“Watch out,” he yelled as he opened the jaws; oysters, mud and loose shells poured onto a culling board in the middle of the boat. Cold water and mud sprayed us thoroughly. “It is a boring job and a hard way to make a living,” said Donnie as he separated out the whole oysters, which he then threw onto the floor of the boat, pushing the debris back overboard.
The whole process started over again. When the tongs brought up nothing but mud, Donnie moved to another spot in his circle. In two hours he had four bushels, or $32 worth. “In a good season I sometimes get my limit, 25 bushels, by 9:30 a.m.,” he commented. “That’s all a licensed oysterman is allowed, but many get more than that. I got 37 bushels once.” The legal size for oysters is three inches, but Donnie kept them all, saying, “Inspectors are hardly ever at the dock of the oyster house. You take the chance.”
We worked that location until the middle of the afternoon. I helped some but soon retreated to the warm cabin for a nap. It was a cold, strenuous and dirty job. Donnie relieved his boredom by talking occasionally on his CB radio with other oysterers, joking around and comparing his luck with theirs.
Around 3:00 we moved to a second location, but few oysters came up so Donnie decided to quit. We chugged over to the mainland to sell the oysters. Several boats were already in line in front of the oyster house so we went to a local bar for a drink with some of the men who had already unloaded their catches. After a while we went back, and Donnie shoveled his oysters into buckets and attached them to a winch which was pulled up by an oyster-house employee; the oysters then moved into the house on a conveyor belt.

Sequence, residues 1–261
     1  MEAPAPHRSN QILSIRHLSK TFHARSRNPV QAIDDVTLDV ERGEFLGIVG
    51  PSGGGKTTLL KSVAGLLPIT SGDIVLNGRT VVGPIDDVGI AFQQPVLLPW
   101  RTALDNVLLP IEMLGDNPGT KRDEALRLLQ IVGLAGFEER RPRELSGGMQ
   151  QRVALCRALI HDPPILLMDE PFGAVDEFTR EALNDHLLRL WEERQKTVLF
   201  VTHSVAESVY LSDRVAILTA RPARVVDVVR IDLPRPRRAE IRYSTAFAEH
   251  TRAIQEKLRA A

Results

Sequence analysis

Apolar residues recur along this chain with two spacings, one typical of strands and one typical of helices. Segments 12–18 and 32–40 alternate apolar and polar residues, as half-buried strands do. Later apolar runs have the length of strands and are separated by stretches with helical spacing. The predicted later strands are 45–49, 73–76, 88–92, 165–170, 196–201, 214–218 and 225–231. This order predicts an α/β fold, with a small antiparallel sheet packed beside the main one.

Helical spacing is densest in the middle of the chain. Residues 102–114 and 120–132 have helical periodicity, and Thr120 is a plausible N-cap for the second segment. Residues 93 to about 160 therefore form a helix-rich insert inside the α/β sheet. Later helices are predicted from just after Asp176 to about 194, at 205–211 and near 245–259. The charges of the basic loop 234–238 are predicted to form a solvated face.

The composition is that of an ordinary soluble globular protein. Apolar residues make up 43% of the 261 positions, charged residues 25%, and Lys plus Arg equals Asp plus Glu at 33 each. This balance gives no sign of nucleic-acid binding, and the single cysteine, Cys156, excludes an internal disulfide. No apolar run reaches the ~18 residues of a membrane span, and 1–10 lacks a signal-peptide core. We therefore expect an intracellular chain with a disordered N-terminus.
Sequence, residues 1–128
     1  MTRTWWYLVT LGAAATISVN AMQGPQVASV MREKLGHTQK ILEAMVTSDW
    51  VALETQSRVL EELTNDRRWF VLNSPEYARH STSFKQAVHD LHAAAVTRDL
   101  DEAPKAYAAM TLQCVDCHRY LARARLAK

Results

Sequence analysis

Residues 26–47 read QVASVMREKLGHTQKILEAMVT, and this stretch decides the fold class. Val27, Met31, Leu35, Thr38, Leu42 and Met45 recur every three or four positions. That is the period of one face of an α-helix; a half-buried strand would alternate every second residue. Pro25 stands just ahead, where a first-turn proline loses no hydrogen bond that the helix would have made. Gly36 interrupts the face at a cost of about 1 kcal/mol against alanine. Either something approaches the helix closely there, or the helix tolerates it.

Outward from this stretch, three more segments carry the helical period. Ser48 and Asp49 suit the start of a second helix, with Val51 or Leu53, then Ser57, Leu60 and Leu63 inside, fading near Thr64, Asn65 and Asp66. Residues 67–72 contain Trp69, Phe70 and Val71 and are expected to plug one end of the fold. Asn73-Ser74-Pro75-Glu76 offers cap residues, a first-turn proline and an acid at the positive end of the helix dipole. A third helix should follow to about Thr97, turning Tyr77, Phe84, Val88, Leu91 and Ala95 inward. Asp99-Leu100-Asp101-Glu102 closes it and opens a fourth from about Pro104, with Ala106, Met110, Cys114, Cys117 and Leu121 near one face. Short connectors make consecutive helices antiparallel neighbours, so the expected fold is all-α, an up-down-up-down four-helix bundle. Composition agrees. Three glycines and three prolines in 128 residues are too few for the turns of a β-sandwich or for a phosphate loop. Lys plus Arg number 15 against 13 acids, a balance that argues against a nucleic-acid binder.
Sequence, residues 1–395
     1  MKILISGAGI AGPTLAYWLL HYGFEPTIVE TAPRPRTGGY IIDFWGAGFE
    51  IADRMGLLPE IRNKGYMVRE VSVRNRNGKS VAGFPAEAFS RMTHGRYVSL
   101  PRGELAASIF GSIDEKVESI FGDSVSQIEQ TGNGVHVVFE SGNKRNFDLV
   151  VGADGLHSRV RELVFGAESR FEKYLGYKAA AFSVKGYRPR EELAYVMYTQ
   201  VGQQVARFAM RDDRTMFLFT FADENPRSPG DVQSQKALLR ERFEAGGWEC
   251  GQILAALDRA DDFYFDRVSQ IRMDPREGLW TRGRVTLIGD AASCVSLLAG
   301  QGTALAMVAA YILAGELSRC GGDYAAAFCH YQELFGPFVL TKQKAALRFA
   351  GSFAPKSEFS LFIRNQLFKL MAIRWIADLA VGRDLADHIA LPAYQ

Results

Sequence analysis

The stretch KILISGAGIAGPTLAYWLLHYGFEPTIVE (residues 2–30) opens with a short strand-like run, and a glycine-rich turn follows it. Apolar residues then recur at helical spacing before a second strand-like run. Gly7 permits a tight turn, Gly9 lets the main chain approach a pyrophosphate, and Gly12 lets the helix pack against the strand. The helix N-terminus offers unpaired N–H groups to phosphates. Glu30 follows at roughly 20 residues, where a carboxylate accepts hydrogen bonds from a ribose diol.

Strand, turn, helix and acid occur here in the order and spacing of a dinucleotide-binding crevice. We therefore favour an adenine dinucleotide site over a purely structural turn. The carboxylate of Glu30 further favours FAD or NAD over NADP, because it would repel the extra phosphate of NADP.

I was heading out from Guinea towards the mainland one morning in Michael Paul’s little skiff, when I noticed about nine men, women and children standing in the water together. Some of the women had on dresses and carried baskets tied to their waists. “What are they doing?” I asked Michael Paul.
“They’re rakin clams,” he said, calling me “foolish” (a term of endearment) for not knowing.
“Tell me how,” I asked.
“Well, you get in the water as fur up as your waist. Tie a basket round you in the middle. Then you take a clam rake and dig for the clams. If you are really good, you can flip them up with the rake or your toes, but some has to bend over to get them. Can make a lot of money that way.”
I watched the Guinea oystermen coming closer to the shore as they were finishing for the day. On each side of the boat, a man was holding two long poles that crossed like scissors. Each man pushed the top ends of the poles together, causing the lower baskets to close around the oysters. Hand-tonging is strenuous work. Sometimes there were as many as 30 oysters in the tongs, sometimes only mud, shell and rock. A young boy culled the oysters from the loose shell.
The men had stayed out about five hours; in the summer they will use the same boats for crabbing. They say they like the change in seasons: “Eases the boredom of doing the same thing.”
George Lee came back with quite a pile of oysters. “Probably 30 bushels there,” he said. “At $6 a bushel, I’ll make out okay today.”
A man in a truck pulled up to pick up the oysters. “He owns the clam house down the way,” George Lee said. “Always buys my oysters.”
I noticed George Lee had put aside several smaller baskets of oysters. He saw me looking and said, “One is for you to take home.”
Carolyn Ellis received her Ph.D. in 1981 from SUNY at Stony Brook. Her dissertation “Community, Crabs and Capitalism” concerned life, work and change in isolated fishing communities. She is now an assistant professor at the University of South Florida in Tampa. (1982)